Professor Yogesan Kanagasingam wasn’t short of career options when he moved to Australia two decades ago. That he’s a visiting scholar at Harvard University, was a Fulbright Scholar to Stanford University, has been nominated as Australian of the Year, and has 35 patents to his name gives some indication of his drive and intellect.
Nonetheless, in 1996 he moved to Perth to take up a position at the University of Western Australia. That set him on the path to his current role as Research Director of the CSIRO’s Australian e-Health Research Centre.
“My wife still questions why I rejected the job offer from the Lawrence Berkeley National Laboratory [at the University of California] to come here. I had the opportunity to work alongside 12 Nobel Prize winners!” he laughs. “But Perth is a great place to raise a family.”
Shortly after arriving Australia, Yogi (as he encourages everyone to call him) began wondering if the internet could beam medical services into remote communities. “I’ve wanted to implement something like a remote eye screening program for 10-15 years,” he says. “But it wasn’t something I was able to get off the ground until the National Broadband Network (NBN) happened. At that point, funding materialised for those wanting to trial telemedicine initiatives.”
Eye testing in cyberspace
Yogi had a straightforward plan to tackle the vision problems plaguing Indigenous Australians living far away from medical facilities. A special camera (and the required training) would be given to nurses based in remote communities. They would take pictures of community members’ eyes and send them to ophthalmologists.
Ophthalmologists would then either give the all clear or schedule a face-to-face consultation if the image revealed a risk of blindness arising from diabetes. “Diabetic retinopathy is a sight-threatening disease. The rate of blindness in indigenous Australians over the age of 40 is six times than non-indigenous Australians,” notes Yogi.
Thanks to a $1.9 million grant from the Department of Health and Ageing (delivered through the NBN Telehealth Pilots Program) Yogi was able to realise his long-held ambition.
“Satellite dishes had to be installed around the Torres Strait Islands and southern WA so we could send the retinal data to specialists,” explains Yogi. “We also had to develop a low-cost, user-friendly retinal camera. But the most complex technical task was developing the platform software, called Remote-I.”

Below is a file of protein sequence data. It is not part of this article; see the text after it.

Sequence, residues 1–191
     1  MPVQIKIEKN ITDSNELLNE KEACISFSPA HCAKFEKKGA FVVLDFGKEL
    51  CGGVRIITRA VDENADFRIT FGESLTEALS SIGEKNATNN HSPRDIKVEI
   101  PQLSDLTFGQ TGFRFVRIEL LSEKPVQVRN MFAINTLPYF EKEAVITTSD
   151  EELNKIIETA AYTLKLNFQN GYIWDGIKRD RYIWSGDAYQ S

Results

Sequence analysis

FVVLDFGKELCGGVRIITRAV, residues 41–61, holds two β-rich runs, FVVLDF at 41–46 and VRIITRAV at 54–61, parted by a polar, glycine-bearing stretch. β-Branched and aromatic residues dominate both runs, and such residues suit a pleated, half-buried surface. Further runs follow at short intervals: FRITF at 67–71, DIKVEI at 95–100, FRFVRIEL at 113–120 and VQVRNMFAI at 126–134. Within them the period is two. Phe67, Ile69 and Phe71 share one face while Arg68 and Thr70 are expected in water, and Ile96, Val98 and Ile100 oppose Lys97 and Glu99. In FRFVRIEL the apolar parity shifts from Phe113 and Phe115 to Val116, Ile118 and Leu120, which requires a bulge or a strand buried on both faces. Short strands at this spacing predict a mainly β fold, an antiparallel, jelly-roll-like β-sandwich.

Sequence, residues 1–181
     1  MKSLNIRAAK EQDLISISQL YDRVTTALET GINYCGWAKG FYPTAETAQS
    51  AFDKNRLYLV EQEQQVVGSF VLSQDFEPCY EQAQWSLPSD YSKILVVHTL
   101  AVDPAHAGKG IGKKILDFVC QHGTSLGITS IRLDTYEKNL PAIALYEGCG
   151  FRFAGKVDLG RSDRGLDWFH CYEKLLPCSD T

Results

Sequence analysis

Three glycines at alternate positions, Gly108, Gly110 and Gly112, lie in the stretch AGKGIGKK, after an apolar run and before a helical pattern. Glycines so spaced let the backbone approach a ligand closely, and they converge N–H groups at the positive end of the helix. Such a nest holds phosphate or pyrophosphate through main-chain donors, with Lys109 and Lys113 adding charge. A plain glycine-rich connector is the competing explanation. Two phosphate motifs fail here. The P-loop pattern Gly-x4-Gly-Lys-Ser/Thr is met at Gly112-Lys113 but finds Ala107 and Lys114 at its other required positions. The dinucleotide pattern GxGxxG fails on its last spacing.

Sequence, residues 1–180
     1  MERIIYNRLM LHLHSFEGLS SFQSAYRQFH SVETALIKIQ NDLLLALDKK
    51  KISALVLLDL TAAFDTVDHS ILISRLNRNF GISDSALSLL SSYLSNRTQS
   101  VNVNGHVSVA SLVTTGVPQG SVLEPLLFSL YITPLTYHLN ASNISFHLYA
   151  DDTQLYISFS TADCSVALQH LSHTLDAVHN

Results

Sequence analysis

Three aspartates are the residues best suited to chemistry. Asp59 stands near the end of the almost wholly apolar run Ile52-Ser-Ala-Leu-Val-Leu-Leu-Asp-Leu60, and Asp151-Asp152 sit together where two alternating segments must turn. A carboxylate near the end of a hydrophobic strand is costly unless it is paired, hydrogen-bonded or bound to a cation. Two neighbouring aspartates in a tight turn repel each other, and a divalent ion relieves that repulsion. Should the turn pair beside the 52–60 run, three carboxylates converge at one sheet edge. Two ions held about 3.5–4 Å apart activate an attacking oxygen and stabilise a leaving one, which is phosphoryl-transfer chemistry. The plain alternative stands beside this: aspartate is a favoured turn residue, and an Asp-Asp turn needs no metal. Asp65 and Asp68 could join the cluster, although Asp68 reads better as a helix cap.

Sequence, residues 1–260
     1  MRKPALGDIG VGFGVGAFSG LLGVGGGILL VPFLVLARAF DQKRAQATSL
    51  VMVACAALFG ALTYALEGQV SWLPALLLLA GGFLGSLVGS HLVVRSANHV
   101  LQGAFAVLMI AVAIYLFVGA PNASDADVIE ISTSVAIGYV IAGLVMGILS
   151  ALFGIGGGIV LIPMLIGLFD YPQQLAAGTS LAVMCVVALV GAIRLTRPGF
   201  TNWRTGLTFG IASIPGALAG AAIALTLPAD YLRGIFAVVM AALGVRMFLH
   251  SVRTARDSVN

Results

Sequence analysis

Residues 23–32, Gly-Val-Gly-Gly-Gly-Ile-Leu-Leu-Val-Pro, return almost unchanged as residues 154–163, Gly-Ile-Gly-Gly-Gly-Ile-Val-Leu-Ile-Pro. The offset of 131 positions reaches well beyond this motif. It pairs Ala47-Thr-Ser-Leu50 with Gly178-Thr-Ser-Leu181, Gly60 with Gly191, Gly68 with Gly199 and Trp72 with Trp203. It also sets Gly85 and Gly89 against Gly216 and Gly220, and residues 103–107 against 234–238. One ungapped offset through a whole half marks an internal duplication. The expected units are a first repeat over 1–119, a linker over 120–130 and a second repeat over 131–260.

Having got the system up and running, Yogi encountered two unplanned-for, non-technical challenges. “Ophthalmologists are overstretched as it is and because it isn’t a procedure Medicare has yet had to accommodate, there was no fee provided for reading the retinal images,” he says. “We got around a lack of ophthalmologist volunteers by getting ophthalmology fellows to review the images. In time, we largely automated the process. We developed software that could distinguish between images of healthy retinas and ones that needed human scrutiny.”
Post-automation, Yogi ran into a more gratifying problem. “I started getting complaints the program had been too successful. I was told too many patients at risk of blindness were going into the system!”
From remote Australia to China
Throughout the Remote-I’s trial period, 1088 people based across WA and the Torres Strait Islands were tested. Of those, 68 were found to have diabetic retinopathy and eight at serious risk of becoming blind. In the coming years, millions more may be able to avoid vision problems thanks to Yogi’s inventiveness.
“Last year we took this technology to 10 hospitals in China’s Guangdong Province, which contains over 100 million people,” Yogi says. “So far 10,000 people have been tested. And now the CSIRO has licensed Remote-I to a company based in Silicon Valley called TeleMedC. It’s planning to launch it in the US, then around the world.”
Yogi predicts telemedicine is approaching an inflection point. Soon it will be seen as far more than a stopgap option for those unable to access urban medical facilities.
“Remote-I is about to go into a diabetes-screening clinic in the middle of Perth,” Yogi says. “It will be used to quickly and cheaply work out who needs to see an ophthalmologist and who doesn’t. The potential for telemedicine to reduce the costs of delivering health services and perform a triaging function are enormous.
“That’s why governments, as well as major corporations such as Telstra, are now starting to invest heavily in it. My goal is to continue to play a role in using telemedicine to improve people’s health, especially children and the disadvantaged.”
- Professor Yogesan Kanagasingam (Yogi), Research Director of the CSIRO’s Australian e-Health Research Centre, is using the NBN Satellite to tackle the vision problems plaguing indigenous Australians living far away from medical facilities.
- A $1.9 million grant from the Department of Health and Ageing helped fund satellite dishes, the development of a low-cost, user-friendly retinal camera and the platform software, called Remote-I. Nurses based in the communities take pictures of community members’ eyes and send them to ophthalmologists to review.
- he trial period saw 1088 people tested across WA and the Torres Strait Islands with 68 found to have diabetic retinopathy and eight at serious risk of becoming blind.
- The technology has since been used in 10 hospitals in China’s Guangdong Province, which contains over 100 million people. So far 10,000 people have been tested.
- And now the CSIRO has licensed Remote-I to a company based in Silicon Valley called TeleMedC. It’s planning to launch first in the US, then around the world.